Bahadar and the Taliban maintain a “peace agreement” with the Pakistani military that allows him to run a state within a state in the remote tribal agency. Bahadar and his commanders have set up a parallel administration, complete with courts, recruiting centers, prisons, training camps, and the ability to levy taxes.

The peace agreement allows North Waziristan to serve as a base for the Movement of the Taliban in Pakistan and nonaligned Taliban groups, as well as the Haqqani Network, al Qaeda, the Islamic Movement of Uzbekistan, the Islamic Jihad Group, and a host of Pakistani terror groups such as Jaish-e-Mohammed, Lashkar-e-Jhangvi, Lashkar-e-Taiba, and the Punjabi Taliban.

Bahadar wields considerable power in North Waziristan. In July 2011, a spokesman for Bahadar claimed that there were no “militants” in North Waziristan and that Bahadar’s Taliban faction has lived up to the terms of its peace agreement with the Pakistani military. But, as documented here at The Long War Journal numerous times, Bahadar provides support and shelter for top al Qaeda leaders as well as terrorists from a number of Pakistani and Central Asian terror groups, including the Movement of the Taliban in Pakistan.

Bahadar’s Taliban subgroup is a member of the Shura-e-Murakeba, an al Qaeda and Afghan Taliban-brokered alliance that includes the Haqqani Network, the Movement of the Taliban in Pakistan, and the Mullah Nazir Group in South Waziristan.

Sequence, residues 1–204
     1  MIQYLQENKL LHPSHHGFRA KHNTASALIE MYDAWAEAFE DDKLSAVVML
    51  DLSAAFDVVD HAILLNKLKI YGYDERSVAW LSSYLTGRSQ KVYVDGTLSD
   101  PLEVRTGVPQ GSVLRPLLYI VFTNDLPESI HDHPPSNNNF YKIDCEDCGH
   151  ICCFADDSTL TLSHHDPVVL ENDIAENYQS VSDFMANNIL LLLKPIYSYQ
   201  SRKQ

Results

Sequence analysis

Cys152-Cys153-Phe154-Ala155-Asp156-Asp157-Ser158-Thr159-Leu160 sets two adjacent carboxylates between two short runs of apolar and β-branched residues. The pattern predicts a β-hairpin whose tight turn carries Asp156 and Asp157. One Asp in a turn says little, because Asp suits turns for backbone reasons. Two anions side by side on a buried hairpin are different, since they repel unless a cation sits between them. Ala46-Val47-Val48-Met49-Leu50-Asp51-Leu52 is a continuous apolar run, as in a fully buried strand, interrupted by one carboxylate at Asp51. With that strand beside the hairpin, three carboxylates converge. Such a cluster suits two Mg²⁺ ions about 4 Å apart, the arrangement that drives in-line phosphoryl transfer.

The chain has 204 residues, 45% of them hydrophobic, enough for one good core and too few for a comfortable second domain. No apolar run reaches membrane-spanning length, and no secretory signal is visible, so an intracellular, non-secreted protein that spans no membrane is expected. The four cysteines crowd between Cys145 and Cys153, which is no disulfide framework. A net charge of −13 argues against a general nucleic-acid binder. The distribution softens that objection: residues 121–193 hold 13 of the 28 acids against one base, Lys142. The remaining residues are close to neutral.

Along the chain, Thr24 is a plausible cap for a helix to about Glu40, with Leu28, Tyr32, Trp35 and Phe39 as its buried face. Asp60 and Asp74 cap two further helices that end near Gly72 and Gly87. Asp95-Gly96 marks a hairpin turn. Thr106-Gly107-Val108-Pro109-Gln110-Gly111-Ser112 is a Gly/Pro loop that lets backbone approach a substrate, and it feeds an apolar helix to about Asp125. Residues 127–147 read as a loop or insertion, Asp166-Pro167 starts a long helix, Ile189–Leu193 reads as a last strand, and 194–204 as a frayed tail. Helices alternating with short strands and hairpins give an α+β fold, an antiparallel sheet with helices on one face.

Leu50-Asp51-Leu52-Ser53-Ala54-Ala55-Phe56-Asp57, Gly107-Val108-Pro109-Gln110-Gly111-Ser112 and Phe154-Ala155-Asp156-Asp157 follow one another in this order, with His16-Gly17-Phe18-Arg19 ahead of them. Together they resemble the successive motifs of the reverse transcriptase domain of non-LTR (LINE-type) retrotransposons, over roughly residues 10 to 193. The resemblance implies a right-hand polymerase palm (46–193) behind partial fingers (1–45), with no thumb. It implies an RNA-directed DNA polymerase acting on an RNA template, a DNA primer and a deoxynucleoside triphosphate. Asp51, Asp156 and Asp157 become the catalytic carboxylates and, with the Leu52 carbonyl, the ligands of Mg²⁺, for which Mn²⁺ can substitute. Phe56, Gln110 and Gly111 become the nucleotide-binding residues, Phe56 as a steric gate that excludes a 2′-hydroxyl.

In June 2012, Bahadar suspended polio vaccination programs in North Waziristan in protest against the US drone strikes in North Waziristan. Bahadar has objected to the US drone strikes in the past. On Nov. 12, 2011, Bahadar suspended meetings with the government and threatened to attack the Pakistani state if it continued to allow the US to conduct attacks in areas under his control.

The US has conducted numerous airstrikes against terrorist targets in areas under Bahadar’s control. Of the 336 drone strikes that have taken place in Pakistan’s tribal areas, 94 of the strikes, or 28 percent, have occurred in areas directly under the control of Bahadar. [See LWJ report, Charting the data for US airstrikes in Pakistan, 2004 – 2013, for information on US airstrikes.]

The US has targeted al Qaeda’s top leaders and its external operations network, as well as the assortment of Taliban and Pakistani jihadist groups operating in the region. The strikes have mostly been confined to a small kill box consisting of North and South Waziristan. Of the 336 strikes recorded since 2004, 319, or 95%, have taken place in the two tribal agencies.

Bill Roggio is a Senior Fellow at the Foundation for Defense of Democracies and the Editor of FDD's Long War Journal.